Last year, Travis Scott released his third album, Astroworld, a continuation of his hip-hop sound pursued on earlier releases, but with a heavy trap and psychedelic influence. The album was hugely successful and cemented Travis Scott as one of the top hip-hop artists of the current era. Astroworld was recorded in Hawaii with a diverse set of collaborators, including Mike Dean, whose analog synth sounds feature prominently, Tame Impala’s Kevin Parker, who produced Skeletons, John Mayer, who played guitar on the album, James Blake, and even Stevie Wonder, who added his signature harmonica to Stop Trying to Be God.
In this article, I’ll concentrate on the synthesizer sounds on the tracks R.I.P. Screw, Astrothunder and Sicko Mode, deconstruct the synth patches, and put them back together using software synths. Many of the sounds can be created in any suitable softsynth, and I’ll create all the sounds in this article using just u-he Repro and TAL U-NO-LX, as well as some sampled sounds that I’ll share as a free pack at the end of the article.
The first track I’ll look at is R.I.P. Screw, a tribute to the Houston hip-hop DJ, DJ Screw. The main melodic sounds on R.I.P. Screw come from producer Blair Taylor, and Mike Dean later added the Juno pad and synth riser just before the chorus. For the original beat of the track, Taylor used the following synths:
Korg Mono/Poly Spelunking preset for the main pluck synth that starts out.
Korg Polysix Fat Bass Line preset for the bass that comes in for the verse.
A.N.A.1 for the main tremolo/glide synth.
Output REV – for the reverse violins.
The song’s structure is simple, based on a 2-bar loop, but has multiple layers of different synths as the track progresses. The main pluck synth patch that opens the song and plays throughout is a single triangle waveform oscillator through a plucked filter and a big reverb effect. In Repro-1, set the filter with cutoff to 20, keyboard tracking to 0 and env amount to 40. For the filter envelope, set decay at halfway for a snappy pluck, and sustain just above 10. For the reverb sound, set the mix level to 23% and decay to a high 3.84 seconds. In the audio example below I used Valhalla VintageVerb. I also placed a compressor after the reverb, which helps adds sustain to the reverb tail.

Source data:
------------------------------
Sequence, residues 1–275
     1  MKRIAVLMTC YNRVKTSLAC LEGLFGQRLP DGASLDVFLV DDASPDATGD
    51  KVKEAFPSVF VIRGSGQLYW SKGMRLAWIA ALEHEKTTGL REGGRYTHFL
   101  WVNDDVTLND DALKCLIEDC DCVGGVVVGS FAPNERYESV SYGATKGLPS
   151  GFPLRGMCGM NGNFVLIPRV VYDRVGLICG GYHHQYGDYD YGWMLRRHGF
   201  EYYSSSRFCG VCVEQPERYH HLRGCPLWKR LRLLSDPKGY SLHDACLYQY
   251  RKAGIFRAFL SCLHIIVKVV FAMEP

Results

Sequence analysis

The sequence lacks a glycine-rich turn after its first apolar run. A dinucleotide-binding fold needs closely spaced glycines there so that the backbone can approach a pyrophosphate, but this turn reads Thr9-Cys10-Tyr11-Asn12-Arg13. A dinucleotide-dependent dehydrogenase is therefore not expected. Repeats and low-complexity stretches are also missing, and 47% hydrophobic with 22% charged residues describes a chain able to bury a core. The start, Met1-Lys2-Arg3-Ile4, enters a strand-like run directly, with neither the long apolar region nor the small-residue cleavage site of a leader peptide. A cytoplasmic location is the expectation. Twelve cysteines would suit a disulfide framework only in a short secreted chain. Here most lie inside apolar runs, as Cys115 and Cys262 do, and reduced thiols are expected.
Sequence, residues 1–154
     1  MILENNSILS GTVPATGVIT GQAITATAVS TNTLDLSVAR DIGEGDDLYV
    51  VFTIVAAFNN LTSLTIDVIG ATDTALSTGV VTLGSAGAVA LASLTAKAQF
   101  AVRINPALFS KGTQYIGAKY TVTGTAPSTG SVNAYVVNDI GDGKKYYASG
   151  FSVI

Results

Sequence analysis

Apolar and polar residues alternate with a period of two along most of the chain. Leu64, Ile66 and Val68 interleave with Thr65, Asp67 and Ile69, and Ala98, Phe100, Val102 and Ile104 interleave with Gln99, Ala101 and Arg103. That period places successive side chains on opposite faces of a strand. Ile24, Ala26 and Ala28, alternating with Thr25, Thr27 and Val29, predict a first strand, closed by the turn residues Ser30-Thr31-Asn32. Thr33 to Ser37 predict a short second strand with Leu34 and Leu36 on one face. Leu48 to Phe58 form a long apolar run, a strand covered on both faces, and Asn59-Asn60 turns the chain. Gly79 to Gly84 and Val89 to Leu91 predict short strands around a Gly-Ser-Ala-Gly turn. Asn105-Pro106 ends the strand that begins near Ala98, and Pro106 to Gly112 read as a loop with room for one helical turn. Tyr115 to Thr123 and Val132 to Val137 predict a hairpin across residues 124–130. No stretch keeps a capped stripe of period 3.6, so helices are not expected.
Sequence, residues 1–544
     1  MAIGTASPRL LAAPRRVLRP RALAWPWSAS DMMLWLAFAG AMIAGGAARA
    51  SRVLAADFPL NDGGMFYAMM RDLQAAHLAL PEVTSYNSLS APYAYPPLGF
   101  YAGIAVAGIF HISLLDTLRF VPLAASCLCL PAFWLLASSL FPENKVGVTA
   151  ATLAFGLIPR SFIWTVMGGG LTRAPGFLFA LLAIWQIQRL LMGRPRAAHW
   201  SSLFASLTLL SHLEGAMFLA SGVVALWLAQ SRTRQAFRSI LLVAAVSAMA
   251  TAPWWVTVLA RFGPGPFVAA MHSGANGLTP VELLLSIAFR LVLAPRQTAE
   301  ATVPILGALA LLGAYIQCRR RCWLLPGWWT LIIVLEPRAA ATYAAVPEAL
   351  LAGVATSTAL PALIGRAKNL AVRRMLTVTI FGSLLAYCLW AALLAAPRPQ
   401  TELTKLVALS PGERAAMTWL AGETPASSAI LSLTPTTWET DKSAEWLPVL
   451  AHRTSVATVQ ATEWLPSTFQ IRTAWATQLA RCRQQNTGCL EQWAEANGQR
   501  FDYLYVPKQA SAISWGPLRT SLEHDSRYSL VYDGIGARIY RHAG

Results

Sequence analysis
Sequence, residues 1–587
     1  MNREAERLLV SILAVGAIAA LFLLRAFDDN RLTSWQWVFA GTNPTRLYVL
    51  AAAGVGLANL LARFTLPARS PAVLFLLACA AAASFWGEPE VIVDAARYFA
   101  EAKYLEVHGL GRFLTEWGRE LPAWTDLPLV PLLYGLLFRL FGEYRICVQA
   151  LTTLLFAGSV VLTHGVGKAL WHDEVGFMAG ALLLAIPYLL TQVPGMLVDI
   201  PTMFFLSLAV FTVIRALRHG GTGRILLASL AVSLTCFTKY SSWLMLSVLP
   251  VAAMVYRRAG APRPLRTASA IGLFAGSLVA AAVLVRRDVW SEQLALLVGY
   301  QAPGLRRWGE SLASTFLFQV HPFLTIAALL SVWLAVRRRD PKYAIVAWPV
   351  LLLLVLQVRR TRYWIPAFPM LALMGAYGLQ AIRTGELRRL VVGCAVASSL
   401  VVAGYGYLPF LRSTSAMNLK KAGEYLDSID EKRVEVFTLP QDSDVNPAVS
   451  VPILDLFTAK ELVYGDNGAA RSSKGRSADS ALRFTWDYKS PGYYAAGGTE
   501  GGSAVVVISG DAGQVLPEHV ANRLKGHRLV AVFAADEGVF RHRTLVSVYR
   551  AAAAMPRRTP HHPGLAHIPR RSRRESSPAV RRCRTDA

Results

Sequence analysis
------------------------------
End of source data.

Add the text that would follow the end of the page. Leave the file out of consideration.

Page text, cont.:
- R.I.P. Screw Pluck Dry 00:00
- R.I.P. Screw Pluck Wet 00:00
My favourite synth sound in R.I.P. Screw is the tremolo keys at 0:12, which also have a subtle glide effect, rising in pitch as the chord fades in. For the glide effect, pitch both oscillators 7 steps down, then modulate the oscillators with the amp envelope, with modulation amount set to raise the oscillators 7 steps (back to the original tuning). Using a tuner in your DAW can make setting the exact modulation amount easier. Set the amp envelope with a medium attack (56 in Repro-5) to create the rise in pitch.
- R.I.P. Screw Glide 00:00
For the tremolo effect, I used Ableton’s Auto-Pan effect with mix set to 55% and speed at 11.1 Hz. Tremolo effects are rarely used with synths but can create another layer of interest to your sound.
- R.I.P. Screw Glide Trem 00:00
The wide Juno keys at 0:38 are one of Mike Dean’s contributions to the song. The patch itself is simple and has been run through the onboard Juno chorus as well as a phaser. To create the patch in TAL U-NO-LX, which is a software emulation of the Juno, use a single sawtooth oscillator with the VCF filter set to halfway, HPF filter at 3, and the onboard chorus II effect on. For the phaser, I’m using Soundtoys PhaseMistress in the example, although you could get similar results in other phasers. The trick is to keep the speed and mix level low, to keep the effect subtle.
- R.I.P. Screw Juno 00:00
The metallic plucked bass that plays in the pre-chorus section is a simple plucked bass, and a DCO synth like the Juno/TAL U-NO-LX can work well for these almost metallic sounds. From the default setting in TAL U-NO-LX (full saw and sub), raise the noise level to 7. Lower the VCF frequency slider to 0, set resonance to 2 and then raise the ENV fader to 8. Set up the pluck timing by setting the ADSR’s sustain fader to 0 and decay and release to 5. Lastly, turn on the chorus effect and add plenty of saturation and compression to the track.
- R.I.P. Screw Bass 00:00
Here’s the full R.I.P. Screw recreation mix, using all the sounds covered. In additional sound is the riser synth that plays in the first Juno section, which is created by setting pitch-bend to 12 steps and raising it the full octave; the Repro presets is included in the download. The samples in the song are from an interview with DJ Screw, who the song is a tribute to.
Astrothunder has many producer credits, which include contributions from Frank Dukes, John Mayer, Thundercat, and BadBadNotGood’s Matt Tavares. The star-studded production is full of lush sounds, including exotic guitars and flute-like synths. The sounds are sparse but have a warm ambience created with a mix of delay and reverb that helps the sounds fill the mix.